Measuring Student Growth Through Data Doesn’t Tell the Full Story

2 min


Let’s talk about Karla. Karla is a real person, although “Karla” is not her real name. A tenth-grade honors student in a heavily tested school district, Karla positively brims with enthusiasm for learning. Ask her for a poster and slide presentation; she will give you those things, plus a handcrafted, three-dimensional model. All of her teachers agree that Karla will undoubtedly thrive in a university setting and go on to flourish in any profession she chooses.

On her recent ELA benchmark practice test, Karla answered only 30 percent of the questions correctly. She was devastated. Her teacher was perplexed, frustrated. If Karla could only answer 30 percent of the questions correctly, what might that suggest about the overall validity of the test for measuring student knowledge?

Taking a test_ Standardized Testing

The fact is that there are simply too many other variables that can potentially affect student test scores for us to consider the data a complete picture of student achievement. Maybe it’s an unfamiliar graphing tool in the online testing application. Maybe it’s the lawn mower that cranked up outside the classroom door just as testing began. Maybe it’s a lack of sleep or a lack of breakfast. Often, it’s the test itself. One of those questions Karla missed required her to infer the meaning of a word based upon its context in a sentence. Easy! Karla is great at that. However, of the four possible synonyms listed as multiple-choice options, Karla didn’t recognize three. How can we expect students to demonstrate their content knowledge and aptitude on tests full of unfamiliar vocabulary?

Still, even as educators continue to express their doubts about the validity of the results and bemoan the increasing emphasis on standardized testing, many school districts seem to be doubling down. In addition to the cadre of assessments looming over students as their courses conclude, many districts have now imposed recurring benchmark tests (such as the one Karla took) to measure student growth along the way. These tests, designed to mimic the end-of-course assessments, further reduce overall instruction time and often induce stress on students, parents, and teachers, alike. Do the pros of this increased testing outweigh the cons? Let’s consider the data on the data.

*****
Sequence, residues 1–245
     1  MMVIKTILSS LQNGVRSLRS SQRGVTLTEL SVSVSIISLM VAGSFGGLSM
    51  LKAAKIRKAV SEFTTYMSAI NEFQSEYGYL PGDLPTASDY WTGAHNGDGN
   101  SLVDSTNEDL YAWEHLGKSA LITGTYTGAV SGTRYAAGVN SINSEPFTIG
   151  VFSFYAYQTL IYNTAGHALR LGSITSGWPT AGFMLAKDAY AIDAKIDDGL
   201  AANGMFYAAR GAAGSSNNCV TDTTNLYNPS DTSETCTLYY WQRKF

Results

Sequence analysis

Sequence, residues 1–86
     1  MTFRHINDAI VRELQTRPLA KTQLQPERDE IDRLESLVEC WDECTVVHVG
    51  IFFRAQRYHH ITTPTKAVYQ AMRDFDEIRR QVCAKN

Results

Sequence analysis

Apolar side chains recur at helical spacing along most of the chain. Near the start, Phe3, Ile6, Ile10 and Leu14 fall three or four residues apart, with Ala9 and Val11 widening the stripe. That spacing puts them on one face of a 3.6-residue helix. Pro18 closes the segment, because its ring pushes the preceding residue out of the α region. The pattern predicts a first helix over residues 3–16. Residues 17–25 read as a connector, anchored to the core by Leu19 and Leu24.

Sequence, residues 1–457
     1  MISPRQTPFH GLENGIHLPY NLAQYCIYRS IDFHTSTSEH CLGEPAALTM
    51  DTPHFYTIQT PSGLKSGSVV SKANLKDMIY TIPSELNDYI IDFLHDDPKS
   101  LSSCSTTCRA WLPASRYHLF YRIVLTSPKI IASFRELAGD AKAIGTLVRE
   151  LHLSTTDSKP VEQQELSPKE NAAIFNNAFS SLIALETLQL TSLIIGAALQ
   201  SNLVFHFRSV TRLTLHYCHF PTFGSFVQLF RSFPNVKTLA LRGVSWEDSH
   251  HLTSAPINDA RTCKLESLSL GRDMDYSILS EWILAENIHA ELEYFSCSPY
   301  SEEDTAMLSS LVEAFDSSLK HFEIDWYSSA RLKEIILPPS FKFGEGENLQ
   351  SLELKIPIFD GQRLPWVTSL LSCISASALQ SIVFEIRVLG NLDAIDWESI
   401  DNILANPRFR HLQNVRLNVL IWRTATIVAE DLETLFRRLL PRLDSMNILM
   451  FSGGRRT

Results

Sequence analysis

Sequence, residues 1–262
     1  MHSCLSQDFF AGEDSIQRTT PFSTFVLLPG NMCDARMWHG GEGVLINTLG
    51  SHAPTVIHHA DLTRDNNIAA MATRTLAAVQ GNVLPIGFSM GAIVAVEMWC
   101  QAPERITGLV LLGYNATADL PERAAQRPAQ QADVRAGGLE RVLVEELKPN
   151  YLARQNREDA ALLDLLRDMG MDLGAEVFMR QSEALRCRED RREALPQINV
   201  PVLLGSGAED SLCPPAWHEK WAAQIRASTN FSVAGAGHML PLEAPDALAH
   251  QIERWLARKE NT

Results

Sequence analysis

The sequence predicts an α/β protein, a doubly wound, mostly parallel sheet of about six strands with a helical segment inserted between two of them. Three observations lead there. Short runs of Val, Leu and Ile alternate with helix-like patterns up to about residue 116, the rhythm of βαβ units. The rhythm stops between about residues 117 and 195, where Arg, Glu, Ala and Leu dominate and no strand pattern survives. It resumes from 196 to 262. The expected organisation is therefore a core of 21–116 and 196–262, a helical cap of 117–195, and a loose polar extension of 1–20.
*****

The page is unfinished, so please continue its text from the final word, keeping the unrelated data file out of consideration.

Recent studies in five states, as presented by The Conversation, demonstrate that: accurate predictions can be made about student proficiency data based solely on characteristics of their communities, without consideration of the schools or teachers, themselves. Simply by examining community and family data available through the U.S. Census, analysts managed, with astounding accuracy, to predict the percentage of students who would score proficient or above on their state tests. Specifically, these studies focused on variables such as the percentage of community members living in poverty and the percentage of community members with bachelor’s degrees.

This won’t surprise many teachers who have been struggling to overcome the “achievement gap” for years. What teachers could tell you, though, that the test data might not, is that their students ARE making great gains. Karla happens to be excellent at drawing inferences from context clues, plus she can design and deliver an oral presentation that would knock your socks off. Donny, a high school sophomore who reads at a third-grade level and vastly prefers video games, snickered the other day while quietly reading a book he had chosen. Katie, the impossibly shy girl whose voice had never before been heard in class, made everyone’s jaws drop when she interjected her insightful perspective during a Socratic seminar.

happy little girl with book and resting on the grass

All of this – the burgeoning communication skills, a newfound pleasure in reading, the gathering of courage to share – it is all progress! Sweeping, transformative, wonderful progress… the kind that is mostly imperceptible on a multiple-choice assessment.


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SallyWhite

Senior Member

I'm a public high school teacher specializing in English and Theatre Arts. On any given day, I summon the energy five times in a row to fire kids up about Shakespeare or semi-colons or the virtues of getting to class on time; then I move all of the desks out of the way and rehearse the school play in a building with no actual theatre. I love my kids, and I love teachers, and celebrating them is one of my favorite things in life. At night, I write.

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